“I think QAnon is outside the box. In my opinion, this is dangerous. We must be sparing and say we cannot support groups that initiate violence, ”McDaniel said.
Rep. Corey Bush also accused Green of bullying her in the halls of the Capitol. Greene fired back, calling Bush "the leader of the St. Louis terrorist gang Black Lives Matter" and claiming that Corey was the aggressor, not her.
Bush announced on January 29 that she would move her office away from Green's office over a dispute over Green refusing to wear a face mask. CNN.
The fallout from the altercation prompted Nancy Pelosi to take the extraordinary step of ordering the relocation of Bush's office, the latest sign of growing tensions between the two parties following the deadly Capitol Hill riots.
“Marjorie Taylor Green walks without a mask. She criticizes me and others on social media. I am moving my office away from her office for the safety of my team, ”wrote Bush.
Green spokesman Nick Dyer responded to Bush's accusation: “Congressman Bush is actually the instigator, and it's on tape. We will release a video soon. "
Green's office tweeted a short video of a congressman talking on the phone and someone in the background yelling at her to put on a mask.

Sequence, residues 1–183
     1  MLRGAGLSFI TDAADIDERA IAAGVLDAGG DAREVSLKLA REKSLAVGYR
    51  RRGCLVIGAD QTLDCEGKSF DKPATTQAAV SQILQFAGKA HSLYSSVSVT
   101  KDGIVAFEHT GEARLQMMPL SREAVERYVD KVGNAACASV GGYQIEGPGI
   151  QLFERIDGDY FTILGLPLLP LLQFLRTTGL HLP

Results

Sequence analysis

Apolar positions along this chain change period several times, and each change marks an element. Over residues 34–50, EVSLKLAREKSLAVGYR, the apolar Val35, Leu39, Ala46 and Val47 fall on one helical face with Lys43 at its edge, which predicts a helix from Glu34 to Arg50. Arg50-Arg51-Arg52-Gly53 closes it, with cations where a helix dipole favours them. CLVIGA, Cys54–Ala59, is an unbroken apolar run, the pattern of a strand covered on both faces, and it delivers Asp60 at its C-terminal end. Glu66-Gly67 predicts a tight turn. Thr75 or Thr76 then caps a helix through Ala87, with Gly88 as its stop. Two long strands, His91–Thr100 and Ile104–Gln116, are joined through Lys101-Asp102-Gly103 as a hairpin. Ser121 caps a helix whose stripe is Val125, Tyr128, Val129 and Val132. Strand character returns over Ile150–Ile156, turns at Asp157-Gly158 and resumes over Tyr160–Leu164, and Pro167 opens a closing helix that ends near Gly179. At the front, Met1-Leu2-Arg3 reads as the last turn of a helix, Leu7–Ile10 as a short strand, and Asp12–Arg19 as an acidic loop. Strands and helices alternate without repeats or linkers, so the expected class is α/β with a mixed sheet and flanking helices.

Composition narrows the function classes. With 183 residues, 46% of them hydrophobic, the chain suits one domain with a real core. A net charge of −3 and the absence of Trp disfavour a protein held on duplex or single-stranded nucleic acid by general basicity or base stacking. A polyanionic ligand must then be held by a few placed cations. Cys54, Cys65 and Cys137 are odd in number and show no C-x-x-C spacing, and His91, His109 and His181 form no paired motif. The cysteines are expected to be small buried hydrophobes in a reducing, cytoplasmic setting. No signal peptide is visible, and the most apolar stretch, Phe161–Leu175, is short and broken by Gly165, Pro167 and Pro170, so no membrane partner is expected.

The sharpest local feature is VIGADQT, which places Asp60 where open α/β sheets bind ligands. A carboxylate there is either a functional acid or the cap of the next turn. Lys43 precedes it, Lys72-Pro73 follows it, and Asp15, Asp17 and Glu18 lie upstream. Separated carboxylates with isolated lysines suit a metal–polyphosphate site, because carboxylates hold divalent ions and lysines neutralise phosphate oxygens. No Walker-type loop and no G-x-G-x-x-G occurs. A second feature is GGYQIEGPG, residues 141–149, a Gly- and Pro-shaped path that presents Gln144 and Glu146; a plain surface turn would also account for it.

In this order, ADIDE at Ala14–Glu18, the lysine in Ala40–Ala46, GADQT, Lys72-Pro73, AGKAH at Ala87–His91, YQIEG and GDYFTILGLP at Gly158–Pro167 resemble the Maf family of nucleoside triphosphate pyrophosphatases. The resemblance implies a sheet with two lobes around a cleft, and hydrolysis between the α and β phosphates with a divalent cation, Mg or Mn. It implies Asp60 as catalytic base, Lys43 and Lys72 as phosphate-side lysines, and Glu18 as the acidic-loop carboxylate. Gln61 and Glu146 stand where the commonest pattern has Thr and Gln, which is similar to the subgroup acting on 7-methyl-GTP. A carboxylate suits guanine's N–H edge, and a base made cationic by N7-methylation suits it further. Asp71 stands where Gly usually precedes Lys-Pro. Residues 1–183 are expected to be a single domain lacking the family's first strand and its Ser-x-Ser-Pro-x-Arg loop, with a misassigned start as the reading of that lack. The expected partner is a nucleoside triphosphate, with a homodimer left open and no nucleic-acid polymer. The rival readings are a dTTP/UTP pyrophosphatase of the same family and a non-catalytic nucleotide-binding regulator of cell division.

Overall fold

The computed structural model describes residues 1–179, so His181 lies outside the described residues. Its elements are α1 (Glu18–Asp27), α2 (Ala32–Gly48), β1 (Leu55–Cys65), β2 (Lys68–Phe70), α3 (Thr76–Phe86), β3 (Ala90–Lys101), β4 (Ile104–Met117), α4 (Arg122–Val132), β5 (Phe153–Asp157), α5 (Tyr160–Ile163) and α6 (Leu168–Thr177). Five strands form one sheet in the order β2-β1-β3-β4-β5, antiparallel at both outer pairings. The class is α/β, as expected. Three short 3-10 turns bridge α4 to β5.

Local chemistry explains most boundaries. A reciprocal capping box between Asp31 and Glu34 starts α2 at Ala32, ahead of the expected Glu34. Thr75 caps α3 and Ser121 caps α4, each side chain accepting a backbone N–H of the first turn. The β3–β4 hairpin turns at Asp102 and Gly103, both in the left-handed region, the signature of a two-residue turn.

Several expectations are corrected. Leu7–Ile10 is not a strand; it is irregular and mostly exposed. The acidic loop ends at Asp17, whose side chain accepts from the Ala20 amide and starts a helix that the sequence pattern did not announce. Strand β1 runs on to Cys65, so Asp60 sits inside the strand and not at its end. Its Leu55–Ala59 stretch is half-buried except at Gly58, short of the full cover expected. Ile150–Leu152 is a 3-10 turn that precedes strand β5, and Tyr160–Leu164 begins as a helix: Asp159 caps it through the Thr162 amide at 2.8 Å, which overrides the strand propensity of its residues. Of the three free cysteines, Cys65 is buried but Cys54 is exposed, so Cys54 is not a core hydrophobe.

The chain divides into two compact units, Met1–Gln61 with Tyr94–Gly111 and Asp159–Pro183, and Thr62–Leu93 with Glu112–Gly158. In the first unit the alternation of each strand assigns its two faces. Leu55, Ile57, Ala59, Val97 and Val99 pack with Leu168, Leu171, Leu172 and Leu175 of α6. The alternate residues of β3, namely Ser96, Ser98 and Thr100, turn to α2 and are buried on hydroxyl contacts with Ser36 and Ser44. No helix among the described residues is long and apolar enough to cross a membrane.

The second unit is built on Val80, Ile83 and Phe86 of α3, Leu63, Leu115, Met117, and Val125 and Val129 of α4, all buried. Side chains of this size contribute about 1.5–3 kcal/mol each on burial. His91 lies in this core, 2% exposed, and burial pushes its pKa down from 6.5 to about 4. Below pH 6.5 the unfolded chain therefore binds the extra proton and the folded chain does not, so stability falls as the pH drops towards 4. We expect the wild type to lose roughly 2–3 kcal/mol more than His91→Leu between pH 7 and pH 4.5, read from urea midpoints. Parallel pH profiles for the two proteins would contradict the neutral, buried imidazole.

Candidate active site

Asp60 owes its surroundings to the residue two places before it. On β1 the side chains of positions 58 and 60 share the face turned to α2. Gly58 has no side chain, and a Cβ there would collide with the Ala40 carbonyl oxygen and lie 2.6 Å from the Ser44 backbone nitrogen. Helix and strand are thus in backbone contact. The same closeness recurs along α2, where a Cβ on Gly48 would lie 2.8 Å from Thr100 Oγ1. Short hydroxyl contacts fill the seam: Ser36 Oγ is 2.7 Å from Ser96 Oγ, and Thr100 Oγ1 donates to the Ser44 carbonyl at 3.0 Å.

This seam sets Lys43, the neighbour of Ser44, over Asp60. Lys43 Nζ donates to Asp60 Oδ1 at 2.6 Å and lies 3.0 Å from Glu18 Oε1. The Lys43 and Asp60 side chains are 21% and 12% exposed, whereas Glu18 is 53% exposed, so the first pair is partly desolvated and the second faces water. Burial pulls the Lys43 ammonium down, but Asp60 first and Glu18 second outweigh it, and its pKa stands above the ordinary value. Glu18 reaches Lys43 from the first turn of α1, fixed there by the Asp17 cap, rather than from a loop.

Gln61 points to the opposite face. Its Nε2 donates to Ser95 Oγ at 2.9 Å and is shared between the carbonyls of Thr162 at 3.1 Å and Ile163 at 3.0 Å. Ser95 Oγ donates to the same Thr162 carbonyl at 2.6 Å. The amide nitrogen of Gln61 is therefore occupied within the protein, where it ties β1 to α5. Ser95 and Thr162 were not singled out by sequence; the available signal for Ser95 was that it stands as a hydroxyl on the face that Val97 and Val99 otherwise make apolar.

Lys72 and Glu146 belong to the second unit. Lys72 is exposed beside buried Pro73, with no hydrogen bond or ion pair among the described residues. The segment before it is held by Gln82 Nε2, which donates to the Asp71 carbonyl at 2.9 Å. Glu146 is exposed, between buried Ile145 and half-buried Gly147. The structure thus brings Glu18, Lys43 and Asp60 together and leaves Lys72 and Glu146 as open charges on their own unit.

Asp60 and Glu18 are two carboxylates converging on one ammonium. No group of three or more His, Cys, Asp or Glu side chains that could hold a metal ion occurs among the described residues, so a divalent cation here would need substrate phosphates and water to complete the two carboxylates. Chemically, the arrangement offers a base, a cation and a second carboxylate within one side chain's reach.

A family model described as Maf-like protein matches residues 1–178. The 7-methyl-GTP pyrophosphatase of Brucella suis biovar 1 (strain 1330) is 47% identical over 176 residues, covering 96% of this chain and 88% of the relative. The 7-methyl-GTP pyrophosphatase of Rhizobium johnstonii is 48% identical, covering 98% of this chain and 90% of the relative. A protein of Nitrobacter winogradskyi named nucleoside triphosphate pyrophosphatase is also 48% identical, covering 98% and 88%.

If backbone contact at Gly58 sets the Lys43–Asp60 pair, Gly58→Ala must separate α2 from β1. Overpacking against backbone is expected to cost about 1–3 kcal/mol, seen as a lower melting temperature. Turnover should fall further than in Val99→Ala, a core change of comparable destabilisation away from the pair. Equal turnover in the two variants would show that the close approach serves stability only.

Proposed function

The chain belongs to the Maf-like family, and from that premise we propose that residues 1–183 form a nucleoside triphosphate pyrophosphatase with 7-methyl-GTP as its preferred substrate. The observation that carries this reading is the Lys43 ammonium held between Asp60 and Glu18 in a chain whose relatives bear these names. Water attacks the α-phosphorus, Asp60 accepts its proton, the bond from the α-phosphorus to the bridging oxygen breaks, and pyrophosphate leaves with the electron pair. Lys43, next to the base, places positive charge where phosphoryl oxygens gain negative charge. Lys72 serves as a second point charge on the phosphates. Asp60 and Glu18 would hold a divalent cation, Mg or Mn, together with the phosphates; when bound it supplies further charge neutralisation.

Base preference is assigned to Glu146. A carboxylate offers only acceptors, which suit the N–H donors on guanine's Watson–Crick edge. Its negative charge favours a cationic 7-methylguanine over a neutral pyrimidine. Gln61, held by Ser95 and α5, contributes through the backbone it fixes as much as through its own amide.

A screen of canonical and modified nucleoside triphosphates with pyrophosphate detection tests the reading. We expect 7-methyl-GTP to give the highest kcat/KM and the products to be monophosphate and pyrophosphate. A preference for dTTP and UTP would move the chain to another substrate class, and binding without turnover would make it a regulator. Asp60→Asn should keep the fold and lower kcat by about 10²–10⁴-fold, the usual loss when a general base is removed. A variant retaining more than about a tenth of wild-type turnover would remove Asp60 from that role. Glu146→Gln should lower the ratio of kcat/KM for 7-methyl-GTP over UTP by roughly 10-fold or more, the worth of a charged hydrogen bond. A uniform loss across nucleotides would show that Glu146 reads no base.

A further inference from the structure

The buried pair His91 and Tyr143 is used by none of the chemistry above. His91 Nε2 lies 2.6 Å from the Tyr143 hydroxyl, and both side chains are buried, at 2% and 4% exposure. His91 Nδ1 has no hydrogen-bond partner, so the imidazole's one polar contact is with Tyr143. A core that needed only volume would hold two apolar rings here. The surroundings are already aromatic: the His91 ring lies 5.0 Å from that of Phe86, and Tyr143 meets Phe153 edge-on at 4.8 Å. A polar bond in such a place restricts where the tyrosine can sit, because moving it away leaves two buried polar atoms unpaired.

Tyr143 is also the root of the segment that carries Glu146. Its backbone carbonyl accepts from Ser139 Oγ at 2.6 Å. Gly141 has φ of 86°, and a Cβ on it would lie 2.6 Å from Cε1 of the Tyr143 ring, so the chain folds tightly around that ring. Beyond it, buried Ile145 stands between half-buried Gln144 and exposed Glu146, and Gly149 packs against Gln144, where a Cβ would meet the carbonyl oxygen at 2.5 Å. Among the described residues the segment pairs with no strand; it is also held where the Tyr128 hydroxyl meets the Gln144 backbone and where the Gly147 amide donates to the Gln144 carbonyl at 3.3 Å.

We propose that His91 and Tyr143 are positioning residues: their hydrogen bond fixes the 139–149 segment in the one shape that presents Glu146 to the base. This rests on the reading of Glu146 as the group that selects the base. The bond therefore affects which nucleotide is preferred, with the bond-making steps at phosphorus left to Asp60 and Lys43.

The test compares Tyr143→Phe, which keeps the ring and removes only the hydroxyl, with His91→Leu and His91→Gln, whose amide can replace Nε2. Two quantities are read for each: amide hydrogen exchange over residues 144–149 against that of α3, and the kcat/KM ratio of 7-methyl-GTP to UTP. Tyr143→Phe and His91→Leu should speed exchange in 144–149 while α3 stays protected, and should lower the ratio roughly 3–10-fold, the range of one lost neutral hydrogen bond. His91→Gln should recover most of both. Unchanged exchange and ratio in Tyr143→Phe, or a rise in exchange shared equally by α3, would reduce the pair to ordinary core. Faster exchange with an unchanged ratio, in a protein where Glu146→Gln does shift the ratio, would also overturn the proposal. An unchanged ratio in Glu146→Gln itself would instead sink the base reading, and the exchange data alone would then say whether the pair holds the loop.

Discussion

Bush did not dispute the fact that she confronted Green and started a fight. Bush repeatedly asked Green to wear the mask, for which Green and her staff criticized Bush on an unrelated issue. Bush also referred to a tweet directed personally against Congresswoman Bush.
Both congressmen's offices are currently on the same floor of the Longworth office building, but not adjacent to where many of the House's offices are located. Democrat Ilhan Omar tweeted that Green's actions are tantamount to a "red flag," and the transfer of Bush's office "does not reduce the threat."
"Imagine that you are going to work with an armed and hostile unstable colleague," Omar wrote.
However, removing a member from Congress requires two-thirds of the House to vote to remove him.
Republicans control just under half of the seats in the House of Representatives, and the GOP leadership has yet to take any steps to rebuk Green for her comments or previous posts.
The offices for members are traditionally allocated through the apartment lottery system, which takes place in November of the election year, as directed by the House Management Committee.
Bush said she would support Jimmy Gomez, a California Democrat, to expel Green from Congress based on her social media activity.
Green's social media accounts were reportedly cleared of almost everything prior to her running.